Barriers to Entry

Blacks who have managed to start legal cannabis businesses or apply for licenses have sometimes found themselves subject to discriminatory law enforcement. They’ve been followed by the stigma that black people who sell pot are dangerous criminals and white people who do the same are goofy hippies.

A Colorado man, sites his experience when Colorado’s first medical marijuana dispensaries were opened in 2009. He’d been smoking weed since he was 15, and he’d even learned how to grow, from his ex-girlfriend’s father. He spent $750 on classes about how to run a cannabis business, and then he and a friend both applied to work at a Denver pot shop.

But only his friend was hired, even though he was more than qualified.

So why didn’t he get the gig? His friend asked the managers and he came back with this answer: he was not allowed to work in the legal cannabis industry because he had been caught twice with a joint’s worth of pot as a teenager when he lived back in Oklahoma. As a result he has two drug possession felonies on his record.

For most jobs, experience will help you get ahead. In the marijuana industry, it’s not that simple. Yes, investors and state governments are eager to hire and license people with expertise in how to cultivate, cure, trim, and process cannabis. But it can’t be someone who got caught. Which for the most part means it can’t be someone who is black.

No existing marijuana law tries to account for or acknowledge the harm prohibition has done to communities of color. Cannabis legalization campaign workers are told to never mention race. News anchors talk about pot with a smirk, illustrated by photographs of white college kids getting high, and rarely mention criminal justice reform in the same breath. They are separate policies, carried out by separate laws, with little consideration given to how one might affect the other.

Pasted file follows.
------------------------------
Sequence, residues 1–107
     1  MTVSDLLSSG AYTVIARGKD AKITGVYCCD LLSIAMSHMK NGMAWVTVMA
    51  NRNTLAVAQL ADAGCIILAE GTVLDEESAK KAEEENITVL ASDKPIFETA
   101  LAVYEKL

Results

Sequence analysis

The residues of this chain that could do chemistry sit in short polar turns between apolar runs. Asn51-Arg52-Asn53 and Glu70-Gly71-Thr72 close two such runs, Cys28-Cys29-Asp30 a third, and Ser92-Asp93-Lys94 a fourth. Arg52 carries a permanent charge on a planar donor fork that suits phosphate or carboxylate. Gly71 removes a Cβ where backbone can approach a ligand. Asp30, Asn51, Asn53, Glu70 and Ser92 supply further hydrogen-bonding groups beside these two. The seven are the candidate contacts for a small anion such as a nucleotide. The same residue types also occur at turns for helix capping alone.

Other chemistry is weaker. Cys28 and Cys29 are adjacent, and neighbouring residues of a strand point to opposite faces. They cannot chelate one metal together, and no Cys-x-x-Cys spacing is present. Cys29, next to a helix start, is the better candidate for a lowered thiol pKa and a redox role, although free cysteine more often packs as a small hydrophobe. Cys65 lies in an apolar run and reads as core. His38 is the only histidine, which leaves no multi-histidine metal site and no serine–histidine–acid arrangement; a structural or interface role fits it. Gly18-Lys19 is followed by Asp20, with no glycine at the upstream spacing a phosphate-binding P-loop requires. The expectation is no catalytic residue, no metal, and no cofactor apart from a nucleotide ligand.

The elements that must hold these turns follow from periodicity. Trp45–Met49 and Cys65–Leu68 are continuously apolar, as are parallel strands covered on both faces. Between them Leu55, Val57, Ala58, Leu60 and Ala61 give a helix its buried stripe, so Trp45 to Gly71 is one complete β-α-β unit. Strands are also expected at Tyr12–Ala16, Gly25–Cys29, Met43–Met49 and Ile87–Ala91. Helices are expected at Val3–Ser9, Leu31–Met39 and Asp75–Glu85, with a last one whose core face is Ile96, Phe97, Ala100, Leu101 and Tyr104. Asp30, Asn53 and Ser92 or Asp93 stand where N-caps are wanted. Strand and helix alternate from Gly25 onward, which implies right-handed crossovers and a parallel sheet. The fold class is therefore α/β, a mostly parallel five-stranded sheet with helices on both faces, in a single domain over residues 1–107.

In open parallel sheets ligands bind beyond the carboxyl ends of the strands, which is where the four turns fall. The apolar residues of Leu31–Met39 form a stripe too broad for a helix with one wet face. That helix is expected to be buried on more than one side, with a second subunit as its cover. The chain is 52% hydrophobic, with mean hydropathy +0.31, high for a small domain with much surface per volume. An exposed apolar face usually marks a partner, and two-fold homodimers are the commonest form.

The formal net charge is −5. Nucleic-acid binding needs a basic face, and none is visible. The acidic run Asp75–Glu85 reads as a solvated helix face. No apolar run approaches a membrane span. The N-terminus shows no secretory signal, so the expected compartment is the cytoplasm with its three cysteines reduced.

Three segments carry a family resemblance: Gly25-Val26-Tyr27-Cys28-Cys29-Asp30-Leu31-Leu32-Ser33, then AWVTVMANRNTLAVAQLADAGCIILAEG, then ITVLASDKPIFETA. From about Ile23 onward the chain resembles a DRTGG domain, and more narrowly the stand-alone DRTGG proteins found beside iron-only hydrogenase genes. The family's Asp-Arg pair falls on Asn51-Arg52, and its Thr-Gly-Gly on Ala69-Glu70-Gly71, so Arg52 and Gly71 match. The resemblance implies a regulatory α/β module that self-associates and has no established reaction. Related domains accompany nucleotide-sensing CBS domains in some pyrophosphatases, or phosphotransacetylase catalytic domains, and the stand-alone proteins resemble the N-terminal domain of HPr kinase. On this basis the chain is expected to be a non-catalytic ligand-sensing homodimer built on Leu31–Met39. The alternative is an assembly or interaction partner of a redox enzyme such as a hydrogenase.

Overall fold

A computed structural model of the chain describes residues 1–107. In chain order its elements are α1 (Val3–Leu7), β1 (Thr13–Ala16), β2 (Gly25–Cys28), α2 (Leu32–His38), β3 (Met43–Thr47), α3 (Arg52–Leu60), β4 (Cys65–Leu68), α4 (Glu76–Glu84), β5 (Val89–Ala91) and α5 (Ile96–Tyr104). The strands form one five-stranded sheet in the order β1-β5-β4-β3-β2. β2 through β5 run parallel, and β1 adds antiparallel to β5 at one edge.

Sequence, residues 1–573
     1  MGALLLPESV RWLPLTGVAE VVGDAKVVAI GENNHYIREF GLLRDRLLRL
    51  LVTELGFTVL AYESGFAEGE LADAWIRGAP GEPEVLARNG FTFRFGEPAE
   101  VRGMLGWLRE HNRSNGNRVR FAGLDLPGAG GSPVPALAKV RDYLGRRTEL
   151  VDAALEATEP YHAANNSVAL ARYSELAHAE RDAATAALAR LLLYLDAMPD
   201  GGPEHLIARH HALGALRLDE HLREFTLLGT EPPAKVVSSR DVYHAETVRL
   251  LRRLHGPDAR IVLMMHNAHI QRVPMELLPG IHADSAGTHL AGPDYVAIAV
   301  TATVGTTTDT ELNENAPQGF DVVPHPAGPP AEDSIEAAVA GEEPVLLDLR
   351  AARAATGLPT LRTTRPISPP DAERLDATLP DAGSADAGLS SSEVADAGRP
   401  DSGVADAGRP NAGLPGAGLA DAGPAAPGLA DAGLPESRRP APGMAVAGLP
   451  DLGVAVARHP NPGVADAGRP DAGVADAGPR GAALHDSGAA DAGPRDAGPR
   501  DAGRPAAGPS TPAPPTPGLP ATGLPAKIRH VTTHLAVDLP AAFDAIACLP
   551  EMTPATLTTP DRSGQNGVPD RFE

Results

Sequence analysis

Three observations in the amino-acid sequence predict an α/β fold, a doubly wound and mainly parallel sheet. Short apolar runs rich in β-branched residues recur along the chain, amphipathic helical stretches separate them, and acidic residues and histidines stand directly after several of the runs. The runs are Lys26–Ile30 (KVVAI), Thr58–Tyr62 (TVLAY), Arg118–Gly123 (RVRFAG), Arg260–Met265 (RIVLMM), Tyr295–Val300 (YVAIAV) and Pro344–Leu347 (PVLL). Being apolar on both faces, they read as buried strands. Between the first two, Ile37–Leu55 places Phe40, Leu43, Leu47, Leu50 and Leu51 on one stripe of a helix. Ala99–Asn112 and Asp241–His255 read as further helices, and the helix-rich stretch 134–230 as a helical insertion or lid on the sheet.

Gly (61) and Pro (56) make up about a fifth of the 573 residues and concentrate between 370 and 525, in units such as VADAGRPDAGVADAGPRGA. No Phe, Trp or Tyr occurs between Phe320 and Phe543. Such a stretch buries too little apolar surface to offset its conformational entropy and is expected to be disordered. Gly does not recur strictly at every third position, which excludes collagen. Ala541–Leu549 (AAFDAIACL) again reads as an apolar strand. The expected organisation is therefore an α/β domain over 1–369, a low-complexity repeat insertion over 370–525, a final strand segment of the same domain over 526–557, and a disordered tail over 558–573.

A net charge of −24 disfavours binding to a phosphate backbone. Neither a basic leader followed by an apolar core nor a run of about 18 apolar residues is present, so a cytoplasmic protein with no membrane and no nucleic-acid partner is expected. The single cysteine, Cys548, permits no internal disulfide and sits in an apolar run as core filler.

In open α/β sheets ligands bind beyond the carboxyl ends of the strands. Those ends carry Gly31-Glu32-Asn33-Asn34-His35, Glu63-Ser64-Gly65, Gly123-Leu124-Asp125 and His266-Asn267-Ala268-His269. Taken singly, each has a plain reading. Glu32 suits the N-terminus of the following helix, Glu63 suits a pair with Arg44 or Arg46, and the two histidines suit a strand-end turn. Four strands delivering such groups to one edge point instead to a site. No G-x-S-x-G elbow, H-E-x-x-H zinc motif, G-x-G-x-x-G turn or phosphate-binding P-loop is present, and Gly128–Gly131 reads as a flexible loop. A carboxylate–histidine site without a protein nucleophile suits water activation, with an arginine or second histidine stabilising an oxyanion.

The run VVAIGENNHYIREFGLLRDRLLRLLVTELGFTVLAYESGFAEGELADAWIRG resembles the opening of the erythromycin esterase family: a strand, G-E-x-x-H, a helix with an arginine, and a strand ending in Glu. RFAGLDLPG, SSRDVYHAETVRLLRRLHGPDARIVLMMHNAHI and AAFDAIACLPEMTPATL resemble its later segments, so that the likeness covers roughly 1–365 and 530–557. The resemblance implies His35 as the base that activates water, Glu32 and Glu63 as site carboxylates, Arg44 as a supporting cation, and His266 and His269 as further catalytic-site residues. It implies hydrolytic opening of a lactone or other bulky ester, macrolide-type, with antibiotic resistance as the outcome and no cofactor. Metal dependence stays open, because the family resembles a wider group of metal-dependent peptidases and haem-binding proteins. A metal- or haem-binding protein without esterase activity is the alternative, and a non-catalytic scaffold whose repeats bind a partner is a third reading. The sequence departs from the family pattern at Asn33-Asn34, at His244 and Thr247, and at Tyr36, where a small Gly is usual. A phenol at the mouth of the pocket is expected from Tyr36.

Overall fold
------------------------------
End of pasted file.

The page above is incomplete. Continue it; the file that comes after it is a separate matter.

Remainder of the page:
Go Legit. Or Stay Illegit.

For many Black entrepreneurs – That is the Question.

“There are not many jobs out there for black folks,” says an unnamed dispensary owner. "There is an underground market for marijuana and a large part of our community participates in it. A lot of people in the inner city live on those drugs, and we don’t like to admit that.” Legalization, she said, “might be an opportunity for economic development for everyone in the community with a business mind.”

And yet many of the black people “with a business mind” who have tried to get involved in the legal marijuana have encountered the same racism and disproportionate policing as before pot became legal.

“On the black market, you can make way more than in the shop,” said an illegit seller who tried to become a legitimate dispensary operator.

“No taxes. No overhead. It took a lot to walk away from what I was making.

I turned away from a lot of illegal business to do it right. I was staying legit and not breaking none of these rules because I don’t need no problems, and what do I get for following the rules? Seventy-two months in prison.” This operator’s store was raided and he was sent to prison.

Another operator, based in Berkeley, California, spent years fighting and failing to get local officials to recognize that his cannabis collective was just as legitimate as the three dispensaries that the city formally recognized. “We’d go up there with a permit, and we’d slide it across the table, and they’d slide it right back at us,” the operator said.

The Future

Despite the frustrations and consequences, many blacks maintain a sense of optimism and commitment. They see the economic opportunities that marijuana legalization will create. And they vow to stay in it to win it.

Says, Wanda James of Denver’s Simply Pure - "I want the African American community to see this for what it is, which is an amazing opportunity with a plant that is not a fatal plant. I want to see politicians speak positively about this industry and the fact that we are saving lives and the lives of our people who are being incarcerated."